When people think of the Historical scenes in Germantown, Philadelphia people think of the Johnson House, Maxwell Mansion, and the Grumblethorpe site. Yet on the corner of Price and Germantown Avenue exists a unique building that was once filled with lively Civil War Veterans.
The ACES Museum aims to honor Black and Minority Veterans of World War II and their families. Historically, the site was a 'home' to many Veterans and so it now a memorial of their history. During the Vietnam War, the ace of spades was known as the death card.
“It’s a place where black veterans came before they went to war, and some never made it home,” said the founder of ACES, A.V. Hankins, MD, FACP.
Dr. Hankins founded the ACES Museum after a conversation that she had on an airplane sparked her interest. During the conversation, a man handed Dr. Hankins a pamphlet advertising a Negro soldier’s party at 5801 Germantown Avenue Philadelphia, Pennsylvania. Ironically enough Dr. Hankins was using that building to practice medicine. She began to then discover the history of that location and its significance.
On the third floor was what was known as Parker Hall. In 2002 Parker Hall was certified as a historical site by the Historical Society. The ACES Museum brings an educational component into the museum. They recognize the veterans of WWII, and strive to educate community members about their history.
Despite its historic value, the ACES Museum is currently facing some challenges with Parker Hall. The city is not allowing the museum to open up the floor. As side of those circumstances, the public are welcome to visit the first floor on Tuesdays. Whenever the museum can, they do their best to serve their community.
“We had a wonderful fourth of July program,” said Dr. Hankins.
The event was a celebration and embracing the ships that came back into the city. Dr. Hankins describes them like an “unofficial U.S.O.” Dr. Hankins believes that for a community affected by a negativity, such as drugs, educational programs can be a way to benefit the children within the community. SIn 2004, the ACES Museum added programs for the kids such as the “Puppets with History” show, which is a program that aims to teach children about civil war veterans’ history. This program coincides with ACES’s motto, Respect The Past, Nurture The Future.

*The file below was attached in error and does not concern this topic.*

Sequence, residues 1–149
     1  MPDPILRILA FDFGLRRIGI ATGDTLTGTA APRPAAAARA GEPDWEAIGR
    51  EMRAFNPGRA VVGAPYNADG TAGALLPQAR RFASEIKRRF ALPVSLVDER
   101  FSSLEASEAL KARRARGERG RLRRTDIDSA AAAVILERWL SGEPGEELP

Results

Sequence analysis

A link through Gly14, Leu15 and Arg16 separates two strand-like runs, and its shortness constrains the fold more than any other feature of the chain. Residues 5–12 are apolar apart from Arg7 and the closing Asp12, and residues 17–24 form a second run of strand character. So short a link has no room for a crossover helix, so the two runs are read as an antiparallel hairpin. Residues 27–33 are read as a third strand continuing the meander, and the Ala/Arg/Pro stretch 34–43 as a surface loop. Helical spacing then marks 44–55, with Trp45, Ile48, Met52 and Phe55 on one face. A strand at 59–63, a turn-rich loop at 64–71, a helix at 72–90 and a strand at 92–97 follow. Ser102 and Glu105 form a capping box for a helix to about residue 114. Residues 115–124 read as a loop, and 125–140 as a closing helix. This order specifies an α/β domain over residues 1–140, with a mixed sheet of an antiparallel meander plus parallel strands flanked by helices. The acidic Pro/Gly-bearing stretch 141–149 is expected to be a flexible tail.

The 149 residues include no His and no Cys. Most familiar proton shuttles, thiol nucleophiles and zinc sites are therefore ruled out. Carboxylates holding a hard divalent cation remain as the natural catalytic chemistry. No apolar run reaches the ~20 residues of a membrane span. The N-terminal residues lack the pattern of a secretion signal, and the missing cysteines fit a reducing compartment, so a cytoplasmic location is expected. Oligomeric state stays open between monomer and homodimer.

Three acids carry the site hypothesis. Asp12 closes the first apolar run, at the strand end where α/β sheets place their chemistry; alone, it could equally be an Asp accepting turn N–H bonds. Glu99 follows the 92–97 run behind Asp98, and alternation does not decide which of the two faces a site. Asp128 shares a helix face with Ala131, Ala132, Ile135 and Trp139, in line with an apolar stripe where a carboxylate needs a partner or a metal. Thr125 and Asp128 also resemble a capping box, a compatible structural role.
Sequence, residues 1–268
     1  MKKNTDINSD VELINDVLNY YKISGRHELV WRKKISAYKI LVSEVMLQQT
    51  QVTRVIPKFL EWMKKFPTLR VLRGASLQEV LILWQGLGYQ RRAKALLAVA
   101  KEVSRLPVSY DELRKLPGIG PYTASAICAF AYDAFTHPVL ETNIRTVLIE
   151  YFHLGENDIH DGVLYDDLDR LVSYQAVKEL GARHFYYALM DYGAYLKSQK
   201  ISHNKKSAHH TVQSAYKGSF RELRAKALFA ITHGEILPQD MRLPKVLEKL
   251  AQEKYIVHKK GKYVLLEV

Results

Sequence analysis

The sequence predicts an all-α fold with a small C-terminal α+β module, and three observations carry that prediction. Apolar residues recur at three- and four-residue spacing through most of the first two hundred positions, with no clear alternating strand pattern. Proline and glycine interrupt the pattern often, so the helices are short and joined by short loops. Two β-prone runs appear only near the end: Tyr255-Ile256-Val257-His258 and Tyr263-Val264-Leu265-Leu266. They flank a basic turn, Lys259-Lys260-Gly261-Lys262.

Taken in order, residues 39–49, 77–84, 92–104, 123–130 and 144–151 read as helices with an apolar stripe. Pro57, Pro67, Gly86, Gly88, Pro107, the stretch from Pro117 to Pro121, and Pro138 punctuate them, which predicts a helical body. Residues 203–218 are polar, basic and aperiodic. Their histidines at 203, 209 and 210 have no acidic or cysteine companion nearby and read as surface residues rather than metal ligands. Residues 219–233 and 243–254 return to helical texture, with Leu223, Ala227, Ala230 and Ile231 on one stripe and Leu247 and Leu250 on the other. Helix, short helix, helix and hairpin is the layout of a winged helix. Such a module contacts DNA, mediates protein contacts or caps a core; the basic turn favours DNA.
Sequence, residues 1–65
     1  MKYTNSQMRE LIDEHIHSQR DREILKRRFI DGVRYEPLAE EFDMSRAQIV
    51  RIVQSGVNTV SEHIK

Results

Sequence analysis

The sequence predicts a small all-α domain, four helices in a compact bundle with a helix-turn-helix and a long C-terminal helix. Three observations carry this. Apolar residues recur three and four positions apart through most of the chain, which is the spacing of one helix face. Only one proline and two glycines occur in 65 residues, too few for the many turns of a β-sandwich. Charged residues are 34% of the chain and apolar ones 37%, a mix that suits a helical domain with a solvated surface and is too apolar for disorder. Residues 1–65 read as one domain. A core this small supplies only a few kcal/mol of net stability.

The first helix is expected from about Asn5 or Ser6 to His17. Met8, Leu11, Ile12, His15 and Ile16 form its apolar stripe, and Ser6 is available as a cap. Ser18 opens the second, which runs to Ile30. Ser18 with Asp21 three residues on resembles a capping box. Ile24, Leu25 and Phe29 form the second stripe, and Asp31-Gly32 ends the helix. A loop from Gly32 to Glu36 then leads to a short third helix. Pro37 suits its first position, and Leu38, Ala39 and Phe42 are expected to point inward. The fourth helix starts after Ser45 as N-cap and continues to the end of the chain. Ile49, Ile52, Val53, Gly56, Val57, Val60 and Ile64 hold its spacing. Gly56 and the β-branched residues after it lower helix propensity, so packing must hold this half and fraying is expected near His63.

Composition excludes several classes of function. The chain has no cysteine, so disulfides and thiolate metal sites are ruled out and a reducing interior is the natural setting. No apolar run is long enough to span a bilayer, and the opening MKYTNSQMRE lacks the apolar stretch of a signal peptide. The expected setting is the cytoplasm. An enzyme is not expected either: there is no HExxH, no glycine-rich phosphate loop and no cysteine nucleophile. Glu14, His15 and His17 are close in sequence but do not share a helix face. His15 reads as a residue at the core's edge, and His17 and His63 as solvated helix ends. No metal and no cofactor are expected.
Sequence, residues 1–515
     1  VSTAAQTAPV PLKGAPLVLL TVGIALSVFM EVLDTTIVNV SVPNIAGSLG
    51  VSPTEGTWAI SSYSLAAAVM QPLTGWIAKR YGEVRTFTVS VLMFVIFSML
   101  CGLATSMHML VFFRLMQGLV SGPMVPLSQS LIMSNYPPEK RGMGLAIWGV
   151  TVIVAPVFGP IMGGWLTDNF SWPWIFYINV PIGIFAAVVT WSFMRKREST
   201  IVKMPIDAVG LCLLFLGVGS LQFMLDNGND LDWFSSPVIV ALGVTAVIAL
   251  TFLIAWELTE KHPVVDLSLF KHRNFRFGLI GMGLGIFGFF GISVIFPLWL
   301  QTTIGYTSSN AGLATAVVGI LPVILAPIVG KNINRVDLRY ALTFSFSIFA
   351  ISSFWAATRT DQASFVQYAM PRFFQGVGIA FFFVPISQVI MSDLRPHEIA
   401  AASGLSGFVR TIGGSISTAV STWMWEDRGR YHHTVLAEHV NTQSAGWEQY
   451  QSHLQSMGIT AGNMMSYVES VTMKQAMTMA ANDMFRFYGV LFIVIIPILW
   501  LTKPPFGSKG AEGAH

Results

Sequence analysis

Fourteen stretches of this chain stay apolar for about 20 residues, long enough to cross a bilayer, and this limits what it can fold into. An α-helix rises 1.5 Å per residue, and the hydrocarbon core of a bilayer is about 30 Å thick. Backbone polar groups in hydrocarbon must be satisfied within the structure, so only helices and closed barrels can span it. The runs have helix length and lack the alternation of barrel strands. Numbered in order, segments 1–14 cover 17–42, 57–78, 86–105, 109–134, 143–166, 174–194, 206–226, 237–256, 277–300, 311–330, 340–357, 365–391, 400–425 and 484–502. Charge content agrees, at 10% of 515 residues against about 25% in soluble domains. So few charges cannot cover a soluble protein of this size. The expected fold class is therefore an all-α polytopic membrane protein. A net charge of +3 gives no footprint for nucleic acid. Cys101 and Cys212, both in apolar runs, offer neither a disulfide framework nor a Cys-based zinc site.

“We are now respected,” Dr. Hankins said, “and the daycares and the schools in the area can all benefit from their experience with ACES.”
Dr. Hankins has set high goals for the museum. She would like to see the museum become handicap accessible so that more people can see the exhibits. Dr. Hankins considers WWII to be particularly important for black people because it pushed the Great Migration and the Civil Rights Movement. By educating members of the Germantown community, she hopes people can become more community-orientated and instead of accepting the 'get rich or die trying' motto promoted by the streets, they can embrace the ACES' view as expressed by Dr. Hankins, "we love you more than money."
For more information about the ACES Museum please visit www.acesmuseum.org or call 215 842-3742.
By Keisha Frazier and Lisa Wilk - Team: 16